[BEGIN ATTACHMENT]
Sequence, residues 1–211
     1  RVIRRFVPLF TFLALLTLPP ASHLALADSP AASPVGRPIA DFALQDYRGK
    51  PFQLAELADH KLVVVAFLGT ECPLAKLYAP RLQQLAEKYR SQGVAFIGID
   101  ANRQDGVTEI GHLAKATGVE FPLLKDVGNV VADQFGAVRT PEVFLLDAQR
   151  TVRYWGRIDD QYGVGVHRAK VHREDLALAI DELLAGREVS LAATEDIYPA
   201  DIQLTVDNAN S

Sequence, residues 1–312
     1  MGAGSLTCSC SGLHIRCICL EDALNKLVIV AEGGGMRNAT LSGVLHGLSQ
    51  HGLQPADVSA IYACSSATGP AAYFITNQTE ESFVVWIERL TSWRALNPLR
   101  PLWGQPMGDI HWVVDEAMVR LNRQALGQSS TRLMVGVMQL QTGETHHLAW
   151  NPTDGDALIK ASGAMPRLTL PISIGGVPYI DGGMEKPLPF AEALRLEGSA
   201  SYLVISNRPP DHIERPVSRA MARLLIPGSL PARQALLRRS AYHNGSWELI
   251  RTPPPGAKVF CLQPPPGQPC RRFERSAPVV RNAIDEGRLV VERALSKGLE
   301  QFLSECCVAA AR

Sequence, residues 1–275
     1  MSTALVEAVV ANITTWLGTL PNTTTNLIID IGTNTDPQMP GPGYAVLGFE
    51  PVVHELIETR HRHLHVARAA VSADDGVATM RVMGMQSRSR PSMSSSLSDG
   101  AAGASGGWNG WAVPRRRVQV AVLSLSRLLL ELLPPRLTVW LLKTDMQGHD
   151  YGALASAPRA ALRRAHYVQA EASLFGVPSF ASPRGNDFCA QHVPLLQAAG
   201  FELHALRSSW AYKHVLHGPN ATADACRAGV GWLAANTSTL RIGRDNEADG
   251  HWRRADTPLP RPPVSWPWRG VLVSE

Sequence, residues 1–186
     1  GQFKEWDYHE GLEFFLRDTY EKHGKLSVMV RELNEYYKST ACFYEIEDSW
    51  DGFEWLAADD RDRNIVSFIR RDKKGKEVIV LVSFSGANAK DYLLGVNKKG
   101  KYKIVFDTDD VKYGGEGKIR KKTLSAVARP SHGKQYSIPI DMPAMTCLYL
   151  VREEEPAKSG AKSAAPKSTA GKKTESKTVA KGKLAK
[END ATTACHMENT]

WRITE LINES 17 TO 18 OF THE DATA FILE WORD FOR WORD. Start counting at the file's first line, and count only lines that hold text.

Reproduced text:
    51  PVVHELIETR HRHLHVARAA VSADDGVATM RVMGMQSRSR PSMSSSLSDG
   101  AAGASGGWNG WAVPRRRVQV AVLSLSRLLL ELLPPRLTVW LLKTDMQGHD